The show did go on!
Some 900 dairy farmers and ag industry representatives enjoyed two days of listening, learning and conversing last week at the Professional Dairy Producers of Wisconsin (PDPW) Annual Business Conference. Attendees had the opportunity to participate in some 40 seminars and keynotes, learning lounge presentations, visiting the 110 commercial exhibits, enjoying ice cream breaks and greeting old friends and making new.
This was the PDPW”s annual Business Conference gathering – the first. The organization's initial gathering was held at the Hotel Mead in Wisconsin Rapids in March 1993.
Quoting from my words in this column of April 2, 1993: "Just what we need – another farm organization – because if there was ever a group of people with organizations, it's dairy farmers...and...so why a group of farmers calling themselves professional? Well, this group wants to go far beyond the normal plow, plant, harvest and deliver subjects ...this group of dairy producers are seeking the next level: business techniques, family communication, interchange of ideas, seeking solutions and to meet the ever-changing ag business head on. It's nonpolitical, won't advocate any specific style of farming and is for all types and style of dairy operations. "
A big winner
Almost three decades later, the PDPW was needed and most certainly succeeded in those efforts and membership continues to grow. Today there are just over 7,000 licensed dairy farms averaging 150 cows in Wisconsin compared to 30,000 herds with 52 cows per herd in 1993. Today the 1.2 million cows average 24,000 pounds of milk compared to the 14,800 pounds the 1.5 million cows averaged 28 years ago. That's change.
The PDPW has kept pace (and ahead) of the changing dairy scene as this year's annual business conference showed: The 110 commercial exhibits in the Hall of Ideas were equally “of the times,” ranging from feeds to seeds to farm supplies of all kinds to to investing to financial planning and more. A dairy producer of the 1950’s and 60’s would find it difficult to understand the products and services available today.
Masks and not too close
The big change in the 2021 PDPW Business Conference from past years was the masks attendees wore and the distance between people, all because of the coronavirus pandemic. No shoulder to shoulder walking the exhibit aisles; no long tables with side by side eaters; no crowded exhibitor booths, no hugging or even hand-shaking.
What they say
As always, my objective at farm gathering is not the seminars, it’s the people. Here’s a bit of what I learned.
- Most dairy farmers were little adversely affected by the quarantine - their farm is where their job is anyway;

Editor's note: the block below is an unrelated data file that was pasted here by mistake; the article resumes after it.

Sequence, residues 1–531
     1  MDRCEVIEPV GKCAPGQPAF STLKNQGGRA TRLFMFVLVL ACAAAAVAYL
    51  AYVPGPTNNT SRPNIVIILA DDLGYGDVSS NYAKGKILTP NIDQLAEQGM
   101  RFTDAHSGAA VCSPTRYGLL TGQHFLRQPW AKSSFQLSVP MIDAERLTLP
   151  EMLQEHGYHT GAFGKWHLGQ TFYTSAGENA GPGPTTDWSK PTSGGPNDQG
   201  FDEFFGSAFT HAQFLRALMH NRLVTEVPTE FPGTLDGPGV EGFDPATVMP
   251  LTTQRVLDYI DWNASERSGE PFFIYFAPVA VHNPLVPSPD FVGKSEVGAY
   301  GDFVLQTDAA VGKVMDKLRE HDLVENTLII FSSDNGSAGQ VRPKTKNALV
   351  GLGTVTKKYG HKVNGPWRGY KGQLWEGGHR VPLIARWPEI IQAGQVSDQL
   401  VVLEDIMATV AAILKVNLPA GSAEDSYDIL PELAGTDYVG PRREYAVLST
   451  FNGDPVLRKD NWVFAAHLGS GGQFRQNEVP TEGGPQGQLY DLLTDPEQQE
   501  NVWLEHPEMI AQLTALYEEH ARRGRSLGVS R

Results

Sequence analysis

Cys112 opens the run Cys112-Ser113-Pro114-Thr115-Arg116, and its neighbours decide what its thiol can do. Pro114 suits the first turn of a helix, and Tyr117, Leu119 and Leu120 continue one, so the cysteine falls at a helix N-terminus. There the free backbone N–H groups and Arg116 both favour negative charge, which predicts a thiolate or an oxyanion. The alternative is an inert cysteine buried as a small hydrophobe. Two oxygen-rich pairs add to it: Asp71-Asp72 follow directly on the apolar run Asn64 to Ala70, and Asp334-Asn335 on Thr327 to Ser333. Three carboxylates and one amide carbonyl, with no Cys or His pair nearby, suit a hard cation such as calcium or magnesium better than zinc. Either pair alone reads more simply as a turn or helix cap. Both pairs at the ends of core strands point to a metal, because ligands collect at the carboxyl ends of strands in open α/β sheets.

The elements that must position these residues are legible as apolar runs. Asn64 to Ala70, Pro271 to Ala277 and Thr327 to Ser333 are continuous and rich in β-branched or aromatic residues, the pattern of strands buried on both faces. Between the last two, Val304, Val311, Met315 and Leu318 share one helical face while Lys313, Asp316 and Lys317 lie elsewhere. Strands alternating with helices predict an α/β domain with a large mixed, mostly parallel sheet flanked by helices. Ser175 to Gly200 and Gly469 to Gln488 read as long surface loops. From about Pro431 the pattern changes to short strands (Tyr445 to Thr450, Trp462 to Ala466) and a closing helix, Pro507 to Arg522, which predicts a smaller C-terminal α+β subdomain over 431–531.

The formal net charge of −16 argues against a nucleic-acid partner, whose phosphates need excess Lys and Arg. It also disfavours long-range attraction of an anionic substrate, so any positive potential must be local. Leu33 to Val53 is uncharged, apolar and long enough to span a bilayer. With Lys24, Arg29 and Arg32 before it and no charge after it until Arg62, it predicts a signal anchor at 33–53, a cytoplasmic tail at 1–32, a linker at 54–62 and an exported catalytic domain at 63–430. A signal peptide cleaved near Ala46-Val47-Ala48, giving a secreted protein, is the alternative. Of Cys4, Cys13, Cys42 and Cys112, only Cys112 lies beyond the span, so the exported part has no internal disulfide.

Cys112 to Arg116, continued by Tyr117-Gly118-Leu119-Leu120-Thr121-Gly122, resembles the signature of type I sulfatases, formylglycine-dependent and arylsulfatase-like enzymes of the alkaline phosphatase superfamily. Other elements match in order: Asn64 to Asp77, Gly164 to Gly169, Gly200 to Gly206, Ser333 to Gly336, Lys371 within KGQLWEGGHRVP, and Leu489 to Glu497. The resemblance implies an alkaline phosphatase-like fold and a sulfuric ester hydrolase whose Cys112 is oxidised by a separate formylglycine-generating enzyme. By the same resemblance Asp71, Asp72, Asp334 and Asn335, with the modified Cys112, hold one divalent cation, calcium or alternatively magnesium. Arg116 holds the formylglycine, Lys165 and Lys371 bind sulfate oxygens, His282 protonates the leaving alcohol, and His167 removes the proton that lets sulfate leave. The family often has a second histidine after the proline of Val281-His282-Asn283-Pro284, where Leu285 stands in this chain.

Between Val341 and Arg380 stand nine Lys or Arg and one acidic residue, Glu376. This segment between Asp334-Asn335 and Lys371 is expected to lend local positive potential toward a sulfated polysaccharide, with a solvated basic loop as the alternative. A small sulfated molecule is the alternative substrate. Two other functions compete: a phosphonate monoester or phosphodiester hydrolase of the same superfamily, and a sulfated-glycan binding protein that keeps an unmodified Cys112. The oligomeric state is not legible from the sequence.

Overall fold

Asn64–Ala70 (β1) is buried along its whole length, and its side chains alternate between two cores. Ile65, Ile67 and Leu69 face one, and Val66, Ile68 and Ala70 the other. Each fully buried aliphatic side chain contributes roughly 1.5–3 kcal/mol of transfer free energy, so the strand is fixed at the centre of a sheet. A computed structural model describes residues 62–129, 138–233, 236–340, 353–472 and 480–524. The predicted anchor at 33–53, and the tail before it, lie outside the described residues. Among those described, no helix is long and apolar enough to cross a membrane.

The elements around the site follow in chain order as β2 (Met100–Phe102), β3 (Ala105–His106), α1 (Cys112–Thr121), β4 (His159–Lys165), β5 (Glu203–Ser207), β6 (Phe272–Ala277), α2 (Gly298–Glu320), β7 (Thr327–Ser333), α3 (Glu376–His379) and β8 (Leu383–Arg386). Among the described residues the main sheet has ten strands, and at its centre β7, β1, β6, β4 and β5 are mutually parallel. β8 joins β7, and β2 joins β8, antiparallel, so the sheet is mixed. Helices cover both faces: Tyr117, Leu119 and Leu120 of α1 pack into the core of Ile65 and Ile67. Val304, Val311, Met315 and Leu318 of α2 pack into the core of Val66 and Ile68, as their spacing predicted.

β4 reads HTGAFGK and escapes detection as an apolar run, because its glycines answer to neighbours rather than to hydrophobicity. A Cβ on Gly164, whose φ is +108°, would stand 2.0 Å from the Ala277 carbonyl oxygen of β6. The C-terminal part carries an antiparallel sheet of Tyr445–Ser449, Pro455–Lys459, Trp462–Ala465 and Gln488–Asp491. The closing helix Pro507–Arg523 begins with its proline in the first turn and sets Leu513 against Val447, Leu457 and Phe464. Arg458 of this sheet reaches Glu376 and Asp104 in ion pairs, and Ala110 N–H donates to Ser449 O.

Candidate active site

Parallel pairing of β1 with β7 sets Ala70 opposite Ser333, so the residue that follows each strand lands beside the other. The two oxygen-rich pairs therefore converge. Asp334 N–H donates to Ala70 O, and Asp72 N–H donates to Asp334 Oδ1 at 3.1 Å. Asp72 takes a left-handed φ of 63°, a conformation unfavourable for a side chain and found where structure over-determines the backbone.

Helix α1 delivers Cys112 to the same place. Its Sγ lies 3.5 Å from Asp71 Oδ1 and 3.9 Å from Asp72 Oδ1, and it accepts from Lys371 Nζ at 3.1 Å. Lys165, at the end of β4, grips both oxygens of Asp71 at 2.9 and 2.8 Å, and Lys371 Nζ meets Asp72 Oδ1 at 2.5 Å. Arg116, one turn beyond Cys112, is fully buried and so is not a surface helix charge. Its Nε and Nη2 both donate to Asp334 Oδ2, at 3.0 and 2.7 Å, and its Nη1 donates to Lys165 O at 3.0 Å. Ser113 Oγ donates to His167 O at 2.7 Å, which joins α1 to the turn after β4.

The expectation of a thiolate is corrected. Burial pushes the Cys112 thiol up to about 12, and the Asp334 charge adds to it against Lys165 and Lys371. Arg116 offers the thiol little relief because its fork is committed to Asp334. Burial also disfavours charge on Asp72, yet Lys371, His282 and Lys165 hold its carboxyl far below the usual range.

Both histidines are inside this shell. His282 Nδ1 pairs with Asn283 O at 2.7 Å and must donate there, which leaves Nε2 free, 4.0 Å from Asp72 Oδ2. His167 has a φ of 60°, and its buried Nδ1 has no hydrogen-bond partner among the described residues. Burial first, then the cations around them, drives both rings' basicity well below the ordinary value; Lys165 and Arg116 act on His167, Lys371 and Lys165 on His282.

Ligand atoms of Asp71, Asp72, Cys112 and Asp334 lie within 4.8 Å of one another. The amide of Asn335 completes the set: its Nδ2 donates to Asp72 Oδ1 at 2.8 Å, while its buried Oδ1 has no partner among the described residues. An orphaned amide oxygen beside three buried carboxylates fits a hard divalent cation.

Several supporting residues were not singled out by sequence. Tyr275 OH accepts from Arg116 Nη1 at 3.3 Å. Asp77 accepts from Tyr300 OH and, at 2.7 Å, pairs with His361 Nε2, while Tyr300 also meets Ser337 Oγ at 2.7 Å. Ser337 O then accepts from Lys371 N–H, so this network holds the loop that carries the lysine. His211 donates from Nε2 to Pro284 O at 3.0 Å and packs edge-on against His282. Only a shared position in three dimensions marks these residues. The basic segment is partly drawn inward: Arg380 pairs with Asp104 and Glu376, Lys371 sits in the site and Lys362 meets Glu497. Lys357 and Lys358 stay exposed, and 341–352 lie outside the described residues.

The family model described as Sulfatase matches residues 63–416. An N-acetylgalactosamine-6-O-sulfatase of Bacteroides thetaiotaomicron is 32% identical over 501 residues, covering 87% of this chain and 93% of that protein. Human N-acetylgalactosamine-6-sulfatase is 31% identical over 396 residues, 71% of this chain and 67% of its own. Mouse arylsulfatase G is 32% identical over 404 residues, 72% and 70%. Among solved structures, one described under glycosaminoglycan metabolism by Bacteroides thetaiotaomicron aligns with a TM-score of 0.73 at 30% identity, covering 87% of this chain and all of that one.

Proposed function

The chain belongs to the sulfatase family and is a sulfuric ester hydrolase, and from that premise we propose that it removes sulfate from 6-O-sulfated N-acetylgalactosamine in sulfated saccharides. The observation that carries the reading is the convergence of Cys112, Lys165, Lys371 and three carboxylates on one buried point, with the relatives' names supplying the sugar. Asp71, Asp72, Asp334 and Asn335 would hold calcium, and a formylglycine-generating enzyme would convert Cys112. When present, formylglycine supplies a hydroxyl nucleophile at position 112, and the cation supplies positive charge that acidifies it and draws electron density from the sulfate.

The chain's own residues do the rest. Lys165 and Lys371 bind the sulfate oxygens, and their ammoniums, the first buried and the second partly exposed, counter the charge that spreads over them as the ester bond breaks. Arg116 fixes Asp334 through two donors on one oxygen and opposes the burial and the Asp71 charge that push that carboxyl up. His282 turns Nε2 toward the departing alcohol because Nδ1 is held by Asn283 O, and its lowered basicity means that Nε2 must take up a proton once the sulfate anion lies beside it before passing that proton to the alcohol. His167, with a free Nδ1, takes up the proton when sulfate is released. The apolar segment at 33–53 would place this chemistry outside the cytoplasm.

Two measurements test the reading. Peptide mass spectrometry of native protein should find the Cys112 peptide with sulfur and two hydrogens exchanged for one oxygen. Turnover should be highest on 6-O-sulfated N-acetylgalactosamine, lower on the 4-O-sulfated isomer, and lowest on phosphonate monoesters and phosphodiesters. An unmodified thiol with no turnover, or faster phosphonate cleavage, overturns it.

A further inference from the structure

- Two farmer friends mentioned that they were drawn closer to their family while spending more time at home playing and studying with their children and helping their wife do household jobs;
- Didn’t really feel a loss from not attending some meetings;
- Were getting really bored or as one said “barn sour” from not seeing family and friends for a year;
- Were emotionally drained from worrying about the threat of Covid to employees and family;
- Several producers admitted they had a few cases of Covid among employees but with isolation and care no serious complications arose;
- The vaccination rate was about like that of the general public: older folks - yes, younger people - not yet;
- Everyone seemed happy to get out and about.
Of course, the major change for this year’s Business Conference was the location – the Kalahari Resort at Wisconsin Dells, not the Alliant Center in Madison. PDPW Executive Director Shelly Mayer related the process involved.
“We were one of the first meetings to go virtual last year,” Mayer said. “Our members began asking about 2021 and we (the Board) began serious thought and study in July. I and the Board of Directors investigated the possibilities of where and how we might hold the conference. Who could provide the location and health standards required for a big crowd.”
The Kalahari knew how
“The Kalahari Resort located in Sauk County had been holding meetings during the pandemic and we spent a lot of time studying how they were doing so”, Mayer continued. "We found they were taking the required health precautions and could handle such things as food and space. “We also considered the physical and mental health of our members and after much thought made the decision (not an easy call) in November to hold the conference at the Kalahari.”
The work began
Then the work like schedules, layout, workers and details began, and it worked out. “We never worked so hard - it was a labor of love,” Mayer says.
Would you believe, PDPW has only 4 fulltime employees? So how do they conduct a meeting so big, with so many attendees and exhibitors, so many speakers?
First there are the sponsors, the national and local organizations (dozens of them) who provide money and products from dollars to milk. Then there are the student volunteers who provide labor for the facility setup and presentation details. Lots of people doing lots of things.
Next year? Who knows but bet on PDPW to do it right!
John Oncken can be reached at 608-837-7406, or email him at email@example.com.